Origins and expeditions
Greenpeace’s campaign to protect the world’s last pristine wilderness had its origins in a 1979 proposal. That progressed to the launch of a campaign for a World Park in Antarctica in the 1980s, led by New Zealander Roger Wilson at Greenpeace International, which set out to protect the continent from all mineral and fossil fuel exploitation.
The Antarctic Campaign also had a strong focus on protecting the marine wildlife that lived in Antarctica and the seas around it, because of the potential threat posed by oil drilling and mining which was anticipated to commence under the proposed Antarctic Minerals Convention, CRAMRA.
Greenpeace sent its ice-class ship MV Greenpeace on an expedition to Antarctica in 1987, where it set up its World Park Antarctica Base, the first NGO base established there among dozens of national research stations. Henk Haazen was Logistics Coordinator on Greenpeace’s Antarctic expeditions at that time and Carol Stewart was Greenpeace’s New Zealand’s Antarctic Campaigner.
Greenpeace followed this with regular ship-based Antarctic expeditions by MV Greenpeace and MV Gondwana until 1992 to both survey national bases and resupply Greenpeace’s World Park Antarctica Base. As Greenpeace New Zealand itself grew during the late 1980s so too did the Antarctic Campaign. New staff Dr Allan Hemmings and Dr Maj De Poorter were hired to work on the policy and scientific dimensions of the campaign, and new Antarctic Campaigner Janet Dalziell and new Campaign Assistant Arani Cuthbert were also brought on board.
The expeditions enabled Greenpeace to monitor and document the impacts of the various national research stations on the continent’s coast and fisheries activities in the Southern Ocean. The Greenpeace World Park Base team there also monitored pollution and activities at the research bases located nearby.
During these expeditions, Greenpeace also used its ice-class vessel MV Greenpeace, which was equipped with a helicopter and inflatable boats, to confront and disrupt the operations of the Japanese Government’s whaling fleet in the Southern Ocean.
During February-April 1991, MV Greenpeace also tracked down and documented the activities of the Soviet Union’s large longlining and trawl fishing fleets that were targeting Patagonian Toothfish and Krill in the Southern Ocean. Video footage and photographs that Greenpeace submitted to the Antarctic Marine Conservation Convention (CCAMLR) was the first evidence that longline fishing operations in the Patagonian Toothfish fishery in the Southern Ocean was killing non-target albatrosses and other seabird species.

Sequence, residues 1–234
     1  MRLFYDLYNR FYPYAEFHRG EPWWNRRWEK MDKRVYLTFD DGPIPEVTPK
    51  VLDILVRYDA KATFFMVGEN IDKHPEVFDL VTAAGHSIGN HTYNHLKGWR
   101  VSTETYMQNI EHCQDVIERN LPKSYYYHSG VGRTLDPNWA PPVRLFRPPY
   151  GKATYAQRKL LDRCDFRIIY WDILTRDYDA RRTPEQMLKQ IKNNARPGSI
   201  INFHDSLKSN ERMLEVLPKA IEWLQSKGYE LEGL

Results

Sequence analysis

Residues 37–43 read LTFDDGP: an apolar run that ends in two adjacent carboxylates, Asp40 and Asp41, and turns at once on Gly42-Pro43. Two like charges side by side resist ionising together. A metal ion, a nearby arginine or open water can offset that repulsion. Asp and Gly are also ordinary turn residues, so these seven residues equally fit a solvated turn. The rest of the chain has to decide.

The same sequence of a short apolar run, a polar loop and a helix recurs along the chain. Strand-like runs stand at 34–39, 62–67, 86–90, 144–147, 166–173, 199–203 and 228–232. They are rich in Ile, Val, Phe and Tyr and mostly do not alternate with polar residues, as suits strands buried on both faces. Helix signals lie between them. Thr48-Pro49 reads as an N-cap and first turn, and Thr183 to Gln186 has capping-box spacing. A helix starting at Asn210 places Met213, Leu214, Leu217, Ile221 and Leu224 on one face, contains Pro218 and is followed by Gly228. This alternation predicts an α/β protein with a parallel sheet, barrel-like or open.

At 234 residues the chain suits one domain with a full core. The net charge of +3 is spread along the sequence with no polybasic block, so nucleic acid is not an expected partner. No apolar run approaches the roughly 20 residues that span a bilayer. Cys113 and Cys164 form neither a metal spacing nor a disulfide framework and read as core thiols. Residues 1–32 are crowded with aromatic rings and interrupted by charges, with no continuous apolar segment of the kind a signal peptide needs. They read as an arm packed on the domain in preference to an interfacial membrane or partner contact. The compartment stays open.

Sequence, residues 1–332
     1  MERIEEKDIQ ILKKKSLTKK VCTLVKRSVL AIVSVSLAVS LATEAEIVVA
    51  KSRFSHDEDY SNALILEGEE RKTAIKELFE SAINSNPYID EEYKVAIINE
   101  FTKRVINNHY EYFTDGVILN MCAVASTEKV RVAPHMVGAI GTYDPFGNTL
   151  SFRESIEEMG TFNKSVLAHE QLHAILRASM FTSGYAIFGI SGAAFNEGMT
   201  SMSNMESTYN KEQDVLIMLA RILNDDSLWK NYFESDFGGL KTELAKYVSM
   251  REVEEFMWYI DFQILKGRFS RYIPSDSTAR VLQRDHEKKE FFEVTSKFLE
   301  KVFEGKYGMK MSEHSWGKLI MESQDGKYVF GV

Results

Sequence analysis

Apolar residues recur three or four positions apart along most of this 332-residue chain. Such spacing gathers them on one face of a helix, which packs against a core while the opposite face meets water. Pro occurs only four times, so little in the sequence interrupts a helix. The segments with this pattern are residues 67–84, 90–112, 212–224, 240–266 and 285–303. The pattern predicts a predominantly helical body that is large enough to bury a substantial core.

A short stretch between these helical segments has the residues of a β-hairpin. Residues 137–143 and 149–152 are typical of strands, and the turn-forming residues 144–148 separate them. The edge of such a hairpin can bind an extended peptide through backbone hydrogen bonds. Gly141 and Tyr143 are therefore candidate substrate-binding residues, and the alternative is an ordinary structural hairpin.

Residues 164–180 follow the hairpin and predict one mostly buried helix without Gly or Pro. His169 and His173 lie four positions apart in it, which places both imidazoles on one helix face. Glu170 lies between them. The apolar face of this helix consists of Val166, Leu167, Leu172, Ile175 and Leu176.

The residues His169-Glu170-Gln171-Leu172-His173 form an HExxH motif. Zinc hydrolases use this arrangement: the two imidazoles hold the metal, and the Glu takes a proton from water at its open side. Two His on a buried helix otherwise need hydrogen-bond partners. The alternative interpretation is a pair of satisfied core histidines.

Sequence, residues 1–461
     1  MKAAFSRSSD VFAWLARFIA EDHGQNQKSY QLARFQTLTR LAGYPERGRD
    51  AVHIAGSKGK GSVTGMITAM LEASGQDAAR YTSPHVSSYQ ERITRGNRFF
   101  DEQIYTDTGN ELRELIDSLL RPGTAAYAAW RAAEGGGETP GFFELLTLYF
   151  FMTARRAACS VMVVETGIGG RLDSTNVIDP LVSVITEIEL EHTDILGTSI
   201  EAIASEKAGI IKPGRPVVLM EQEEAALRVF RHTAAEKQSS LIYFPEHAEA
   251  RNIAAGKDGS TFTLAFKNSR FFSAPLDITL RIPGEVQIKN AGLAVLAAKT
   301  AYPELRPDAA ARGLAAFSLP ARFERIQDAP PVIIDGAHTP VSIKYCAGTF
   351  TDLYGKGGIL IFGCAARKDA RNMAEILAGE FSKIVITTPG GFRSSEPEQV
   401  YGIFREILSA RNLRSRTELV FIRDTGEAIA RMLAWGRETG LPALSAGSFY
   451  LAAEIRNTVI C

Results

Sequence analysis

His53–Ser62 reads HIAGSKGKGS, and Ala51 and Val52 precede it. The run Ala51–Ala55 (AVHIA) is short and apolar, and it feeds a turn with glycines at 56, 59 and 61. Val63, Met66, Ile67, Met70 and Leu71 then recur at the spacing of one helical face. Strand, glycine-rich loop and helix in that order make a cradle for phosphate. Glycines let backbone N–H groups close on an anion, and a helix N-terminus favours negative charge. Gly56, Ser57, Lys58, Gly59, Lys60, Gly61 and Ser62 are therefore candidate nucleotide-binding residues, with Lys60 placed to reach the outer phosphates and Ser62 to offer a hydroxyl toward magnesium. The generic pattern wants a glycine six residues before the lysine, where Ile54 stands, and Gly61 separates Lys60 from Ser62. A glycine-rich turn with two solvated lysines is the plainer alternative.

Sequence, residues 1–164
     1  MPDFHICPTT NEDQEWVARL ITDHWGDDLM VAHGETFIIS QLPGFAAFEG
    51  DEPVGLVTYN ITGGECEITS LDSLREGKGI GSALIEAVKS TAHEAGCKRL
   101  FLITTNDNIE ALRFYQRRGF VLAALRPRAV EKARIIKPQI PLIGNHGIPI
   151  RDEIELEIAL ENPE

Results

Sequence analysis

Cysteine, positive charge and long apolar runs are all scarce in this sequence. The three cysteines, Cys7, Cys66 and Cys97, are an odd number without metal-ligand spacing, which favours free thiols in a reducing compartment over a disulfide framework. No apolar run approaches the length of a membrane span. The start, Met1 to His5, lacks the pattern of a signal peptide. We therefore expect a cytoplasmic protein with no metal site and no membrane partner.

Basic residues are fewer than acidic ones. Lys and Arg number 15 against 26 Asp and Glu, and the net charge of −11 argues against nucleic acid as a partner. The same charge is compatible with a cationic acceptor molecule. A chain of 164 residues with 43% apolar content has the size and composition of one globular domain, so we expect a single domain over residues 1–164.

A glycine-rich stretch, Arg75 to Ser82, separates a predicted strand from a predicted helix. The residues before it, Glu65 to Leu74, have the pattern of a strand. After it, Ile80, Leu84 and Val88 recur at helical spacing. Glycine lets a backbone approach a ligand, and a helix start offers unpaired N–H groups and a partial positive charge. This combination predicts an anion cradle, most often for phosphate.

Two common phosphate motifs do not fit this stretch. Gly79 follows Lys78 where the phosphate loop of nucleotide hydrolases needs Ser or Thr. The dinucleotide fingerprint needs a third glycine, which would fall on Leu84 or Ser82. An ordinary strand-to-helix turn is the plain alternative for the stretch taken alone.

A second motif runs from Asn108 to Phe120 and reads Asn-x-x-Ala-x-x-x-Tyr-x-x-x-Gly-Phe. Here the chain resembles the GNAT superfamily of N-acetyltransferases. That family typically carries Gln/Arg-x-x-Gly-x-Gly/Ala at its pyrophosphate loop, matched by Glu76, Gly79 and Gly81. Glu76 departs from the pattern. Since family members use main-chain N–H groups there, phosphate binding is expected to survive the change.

By submitting this evidence, Greenpeace Antarctic Campaigner Janet Dalziell was able to urge CCAMLR at its 1991 annual meeting to adopt stronger measures, such as requiring the use of seabird-scaring streamers on boats fishing within the CCAMLR zone and prohibiting fishing vessels from discharging fish offal into the water during the time they were fishing because it would attract more albatrosses to the baited hooks.
Greenpeace also submitted footage and reports documenting pollution and other impacts of the various national Antarctic bases to Antarctic Treaty meetings in order to hold governments to account for their activities and to persuade them to establish a World Park in Antarctica.
Victory in Antarctica
In New Zealand, Greenpeace successfully campaigned to end the Government’s support for the proposed Antarctic minerals convention (CRAMRA) and instead support full protection of Antarctica.
During May and June 1990 Greenpeace Antarctic Campaign Assistant Arani Cuthbert and Antarctic expedition crew member Phil Doherty travelled around the New Zealand on a six-week 25-stop tour of town hall meetings and local radio interviews from Christchurch to Whitianga taking in mostly smaller towns to help mobilise grassroots support for Greenpeace’s goal of a World Park in Antarctica protected from mining and oil exploration.
During the tour they encouraged people attending the meetings to tell their local MPs and candidates about their support for a World Park in Antarctica ahead of the October 1990 general election.
“I kept quoting Margaret Meade’s adage, ‘Never doubt that a small group of thoughtful committed citizens can change the world’,” said Arani Cuthbert. “The idea was to empower people, and the response was great.”
Janet Dalziell visited MPs and ministers in Wellington and in their constituencies to follow up with them after the interest generated by the tour. “I also spoke with Ed Hillary about the campaign and he later spoke publicly in favour of a World Park in Antarctica,” she recalls.